Standing Yoga Postures
Now that we are nicely warmed up, we practice some of the classical yoga standing postures starting with Mountain Pose which corrects any misalignments in our posture. We introduce Sun Salutation I in a modified easy to access version. We move to build up strength in our thigh muscles through the engagement with Horse Pose. We finish off the standing postures with Warrior I & II and Triangle Pose which strengthen the legs and ankles; stretch the groins, chest, lungs and shoulders; stimulate abdominal organs and relieve backache.
Seated Yoga Postures
After the intensity of the Standing Postures, we begin to allow the body to cool down by coming down onto the mat for a number of classical yoga seated postures. We start off with Staff Pose which improves posture by strengthening the back muscles and stretching the shoulders and chest. The other postures involve gentle bending and twisting and have the effect of bringing attention to organs in our bodies, such as the liver and kidneys which normally receive very little attention.
The class concludes with five minutes of relaxation when we lay the body down in Corpse Pose. This pose sets up the conditions that allow you to gradually enter a truly relaxed state, one that is deeply refreshing in itself. This pose conditions the body to release stress by calming the mind and can improve your sense of physical and emotional wellbeing.
The very first few movements which we do at the start of a GENTLE YOGA class involve the arching and flatting of the lower back and sacrum area and are known as “somatic movements” . They are designed to counteract stiffness caused by the ageing process. The fact is that, during the course of our lives, our sensory-motor systems continually respond to daily stresses and traumas with specific muscular reflexes. These reflexes, repeatedly triggered, create habitual muscular contractions, which we cannot – voluntarily – relax. These muscular contractions have become so deeply involuntary and unconscious that, eventually, we no longer remember how to move freely. The result is stiffness, soreness, and a restricted range of movement.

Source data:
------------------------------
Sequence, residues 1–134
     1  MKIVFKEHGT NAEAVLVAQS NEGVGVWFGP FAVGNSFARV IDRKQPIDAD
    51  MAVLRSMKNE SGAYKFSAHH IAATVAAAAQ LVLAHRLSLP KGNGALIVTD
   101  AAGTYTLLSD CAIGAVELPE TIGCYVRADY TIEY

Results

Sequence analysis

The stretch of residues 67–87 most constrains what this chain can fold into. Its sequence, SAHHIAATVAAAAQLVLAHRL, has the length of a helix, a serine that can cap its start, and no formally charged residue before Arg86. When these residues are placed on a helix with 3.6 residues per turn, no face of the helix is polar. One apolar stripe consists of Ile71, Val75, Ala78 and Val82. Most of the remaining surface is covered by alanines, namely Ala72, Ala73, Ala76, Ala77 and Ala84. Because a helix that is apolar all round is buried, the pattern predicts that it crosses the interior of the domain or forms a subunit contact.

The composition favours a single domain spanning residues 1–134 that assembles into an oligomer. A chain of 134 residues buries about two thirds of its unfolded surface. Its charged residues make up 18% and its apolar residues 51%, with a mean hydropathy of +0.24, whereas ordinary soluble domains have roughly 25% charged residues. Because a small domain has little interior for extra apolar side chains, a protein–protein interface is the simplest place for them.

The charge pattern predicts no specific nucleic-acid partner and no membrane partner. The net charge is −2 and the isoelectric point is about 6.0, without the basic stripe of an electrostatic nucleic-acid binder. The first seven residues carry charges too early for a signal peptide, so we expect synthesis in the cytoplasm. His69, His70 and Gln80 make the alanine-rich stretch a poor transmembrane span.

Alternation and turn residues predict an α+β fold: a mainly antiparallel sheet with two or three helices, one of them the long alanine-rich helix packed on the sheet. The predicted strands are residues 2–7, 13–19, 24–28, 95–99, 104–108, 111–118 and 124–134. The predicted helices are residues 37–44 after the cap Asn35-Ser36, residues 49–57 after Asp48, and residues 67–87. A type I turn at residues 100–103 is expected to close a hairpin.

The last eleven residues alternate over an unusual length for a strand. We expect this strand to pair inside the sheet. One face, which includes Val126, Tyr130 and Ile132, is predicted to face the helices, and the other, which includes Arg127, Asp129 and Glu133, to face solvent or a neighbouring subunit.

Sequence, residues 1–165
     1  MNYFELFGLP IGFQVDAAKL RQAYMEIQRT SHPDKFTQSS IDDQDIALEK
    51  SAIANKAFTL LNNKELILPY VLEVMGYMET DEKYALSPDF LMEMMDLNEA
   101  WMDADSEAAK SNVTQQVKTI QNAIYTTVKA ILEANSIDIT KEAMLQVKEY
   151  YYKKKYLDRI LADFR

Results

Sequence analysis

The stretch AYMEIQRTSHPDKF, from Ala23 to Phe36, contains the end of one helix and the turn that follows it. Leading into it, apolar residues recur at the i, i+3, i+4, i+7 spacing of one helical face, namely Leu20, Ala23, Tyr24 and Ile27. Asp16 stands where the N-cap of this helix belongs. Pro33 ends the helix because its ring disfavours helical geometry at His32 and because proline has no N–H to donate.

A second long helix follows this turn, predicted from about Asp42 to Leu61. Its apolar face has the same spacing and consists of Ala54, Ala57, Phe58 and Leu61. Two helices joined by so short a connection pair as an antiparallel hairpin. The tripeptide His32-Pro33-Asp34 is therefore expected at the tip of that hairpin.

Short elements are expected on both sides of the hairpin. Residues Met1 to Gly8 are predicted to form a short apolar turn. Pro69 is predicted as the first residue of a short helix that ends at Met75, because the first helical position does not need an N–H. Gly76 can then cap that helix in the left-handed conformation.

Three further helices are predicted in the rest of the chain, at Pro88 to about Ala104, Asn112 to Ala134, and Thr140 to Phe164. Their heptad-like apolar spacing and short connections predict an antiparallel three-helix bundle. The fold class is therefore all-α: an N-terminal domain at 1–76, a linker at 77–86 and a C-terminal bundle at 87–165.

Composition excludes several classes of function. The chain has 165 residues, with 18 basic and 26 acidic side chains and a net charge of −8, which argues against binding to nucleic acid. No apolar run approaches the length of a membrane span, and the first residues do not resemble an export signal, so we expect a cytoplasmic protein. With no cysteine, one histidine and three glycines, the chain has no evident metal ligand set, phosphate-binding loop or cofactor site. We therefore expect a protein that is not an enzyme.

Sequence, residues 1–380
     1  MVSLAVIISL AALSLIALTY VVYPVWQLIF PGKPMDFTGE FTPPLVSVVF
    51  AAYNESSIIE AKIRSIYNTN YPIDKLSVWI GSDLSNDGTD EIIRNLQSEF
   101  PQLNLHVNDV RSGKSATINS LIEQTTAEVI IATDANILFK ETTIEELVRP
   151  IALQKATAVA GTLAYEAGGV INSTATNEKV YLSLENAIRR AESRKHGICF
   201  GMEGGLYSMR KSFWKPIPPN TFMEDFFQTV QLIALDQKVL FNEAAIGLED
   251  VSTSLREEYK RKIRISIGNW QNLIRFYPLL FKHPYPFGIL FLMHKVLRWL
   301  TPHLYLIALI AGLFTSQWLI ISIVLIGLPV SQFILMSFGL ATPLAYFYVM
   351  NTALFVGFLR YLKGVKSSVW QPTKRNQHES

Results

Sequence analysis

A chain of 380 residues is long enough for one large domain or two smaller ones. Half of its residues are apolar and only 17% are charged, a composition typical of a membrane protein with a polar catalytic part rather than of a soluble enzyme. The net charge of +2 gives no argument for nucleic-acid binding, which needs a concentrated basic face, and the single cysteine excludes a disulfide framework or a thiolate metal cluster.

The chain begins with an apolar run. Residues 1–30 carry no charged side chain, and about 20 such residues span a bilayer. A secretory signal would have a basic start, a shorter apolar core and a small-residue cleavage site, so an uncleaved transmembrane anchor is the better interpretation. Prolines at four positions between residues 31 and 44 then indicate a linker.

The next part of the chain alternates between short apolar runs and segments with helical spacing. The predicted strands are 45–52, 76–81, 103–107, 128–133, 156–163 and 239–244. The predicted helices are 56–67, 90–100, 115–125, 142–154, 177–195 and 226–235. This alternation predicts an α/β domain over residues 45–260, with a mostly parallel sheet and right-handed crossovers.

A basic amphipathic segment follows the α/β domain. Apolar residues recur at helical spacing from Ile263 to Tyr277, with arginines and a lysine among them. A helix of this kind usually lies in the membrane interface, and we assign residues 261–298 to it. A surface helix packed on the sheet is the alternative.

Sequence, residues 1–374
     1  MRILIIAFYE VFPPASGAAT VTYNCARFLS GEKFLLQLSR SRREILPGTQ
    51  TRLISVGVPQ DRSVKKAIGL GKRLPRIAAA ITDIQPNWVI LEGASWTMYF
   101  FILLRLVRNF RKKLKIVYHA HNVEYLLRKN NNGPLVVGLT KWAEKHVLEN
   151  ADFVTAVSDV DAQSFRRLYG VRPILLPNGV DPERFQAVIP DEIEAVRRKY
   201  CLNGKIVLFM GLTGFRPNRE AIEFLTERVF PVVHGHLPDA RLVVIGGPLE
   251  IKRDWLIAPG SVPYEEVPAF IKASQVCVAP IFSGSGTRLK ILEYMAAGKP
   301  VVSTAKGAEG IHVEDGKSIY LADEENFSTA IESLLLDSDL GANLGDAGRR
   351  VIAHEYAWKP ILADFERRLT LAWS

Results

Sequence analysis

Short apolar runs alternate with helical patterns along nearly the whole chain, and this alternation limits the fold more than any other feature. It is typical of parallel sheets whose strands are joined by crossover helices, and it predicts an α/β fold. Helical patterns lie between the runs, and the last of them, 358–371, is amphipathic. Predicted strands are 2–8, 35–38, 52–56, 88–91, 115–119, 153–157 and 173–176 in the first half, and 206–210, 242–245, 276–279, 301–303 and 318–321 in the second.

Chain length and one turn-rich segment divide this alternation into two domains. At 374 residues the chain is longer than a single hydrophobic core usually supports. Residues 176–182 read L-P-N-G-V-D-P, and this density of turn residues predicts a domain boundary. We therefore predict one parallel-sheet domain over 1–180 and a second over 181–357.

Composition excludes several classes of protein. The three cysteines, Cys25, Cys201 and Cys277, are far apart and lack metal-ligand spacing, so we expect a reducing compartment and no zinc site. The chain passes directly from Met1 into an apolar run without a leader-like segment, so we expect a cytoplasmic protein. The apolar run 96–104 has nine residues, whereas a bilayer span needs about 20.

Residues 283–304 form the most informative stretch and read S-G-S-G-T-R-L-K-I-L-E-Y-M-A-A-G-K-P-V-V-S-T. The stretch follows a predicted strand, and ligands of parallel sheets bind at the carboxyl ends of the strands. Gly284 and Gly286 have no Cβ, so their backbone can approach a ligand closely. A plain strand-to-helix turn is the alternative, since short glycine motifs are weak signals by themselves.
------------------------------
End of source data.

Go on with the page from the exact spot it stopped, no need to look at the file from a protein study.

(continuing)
This habituated state of forgetfulness is called “sensory-motor amnesia” (SMA). It is a memory loss of how certain muscle groups feel and how to control them. And, because this occurs within the central nervous system, we are not aware of it, yet it affects us to our very core. Our image of who we are, what we can experience, and what we can do is profoundly diminished by SMA. And, it is primarily this event, and its secondary effects, that we falsely think of as “growing older”.
But SMA has nothing whatsoever to do with age. It can, and does, occur anytime – from childhood onward. Children who grow up in disturbed family situations, or in other fearful environments such as war, show symptoms of SMA: sunken chests, permanently raised shoulders, hyper-curved necks. Traumatic accidents or serious surgery in young people can cause the same chronic muscular contractions which in older adults are falsely attributed to aging: for example, scoliotic tilting of the trunk, a slight limp, or chronic undiagnosable pain that never disappears during the remainder of one’s life.
So, the effects of SMA can begin at any age, but usually become apparent in our 30s and 40s. SMA is an adaptive response of the nervous system and because it is a learned adaptive response, it can be unlearned. So, this is the good news – SMA can be avoided, and it can be reversed. You can escape it by making direct and practical use of two abilities that are the unique properties of the human sensory-motor system: to unlearn what has been learned; and to remember what has been forgotten.
In the Gentle Yoga classes, you will be taught a total of seven somatic exercises gradually over time. These exercises provide a direct and effective way to re-program the sensory-motor system. They erase the primary effects of what is falsely attributed to growing older. Moreover, they are particularly important for people in their 30s and 40s. In older people, they actually reverse the process, which has caused so many people to feel stiff and aching.